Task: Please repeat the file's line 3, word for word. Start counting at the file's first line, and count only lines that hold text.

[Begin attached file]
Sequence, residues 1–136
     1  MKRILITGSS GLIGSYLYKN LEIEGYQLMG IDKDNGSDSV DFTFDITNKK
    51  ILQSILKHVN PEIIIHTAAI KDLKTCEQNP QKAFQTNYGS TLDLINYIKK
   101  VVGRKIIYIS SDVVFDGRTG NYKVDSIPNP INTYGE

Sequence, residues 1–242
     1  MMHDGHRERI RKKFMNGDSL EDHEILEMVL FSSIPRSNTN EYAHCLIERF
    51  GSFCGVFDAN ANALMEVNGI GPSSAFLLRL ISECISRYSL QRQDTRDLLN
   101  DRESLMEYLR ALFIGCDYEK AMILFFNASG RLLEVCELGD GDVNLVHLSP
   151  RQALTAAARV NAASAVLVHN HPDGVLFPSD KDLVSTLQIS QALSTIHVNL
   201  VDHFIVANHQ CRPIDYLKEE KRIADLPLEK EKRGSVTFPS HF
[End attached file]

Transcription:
    51  ILQSILKHVN PEIIIHTAAI KDLKTCEQNP QKAFQTNYGS TLDLINYIKK